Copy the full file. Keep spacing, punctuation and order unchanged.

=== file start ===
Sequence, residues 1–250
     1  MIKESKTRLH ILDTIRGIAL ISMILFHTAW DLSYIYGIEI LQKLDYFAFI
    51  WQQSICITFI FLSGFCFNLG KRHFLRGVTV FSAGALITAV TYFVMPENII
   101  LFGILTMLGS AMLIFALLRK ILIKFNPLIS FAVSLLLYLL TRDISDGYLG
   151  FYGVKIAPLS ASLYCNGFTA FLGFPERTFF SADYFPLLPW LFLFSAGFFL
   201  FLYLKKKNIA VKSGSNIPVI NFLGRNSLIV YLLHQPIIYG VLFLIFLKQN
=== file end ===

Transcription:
Sequence, residues 1–250
     1  MIKESKTRLH ILDTIRGIAL ISMILFHTAW DLSYIYGIEI LQKLDYFAFI
    51  WQQSICITFI FLSGFCFNLG KRHFLRGVTV FSAGALITAV TYFVMPENII
   101  LFGILTMLGS AMLIFALLRK ILIKFNPLIS FAVSLLLYLL TRDISDGYLG
   151  FYGVKIAPLS ASLYCNGFTA FLGFPERTFF SADYFPLLPW LFLFSAGFFL
   201  FLYLKKKNIA VKSGSNIPVI NFLGRNSLIV YLLHQPIIYG VLFLIFLKQN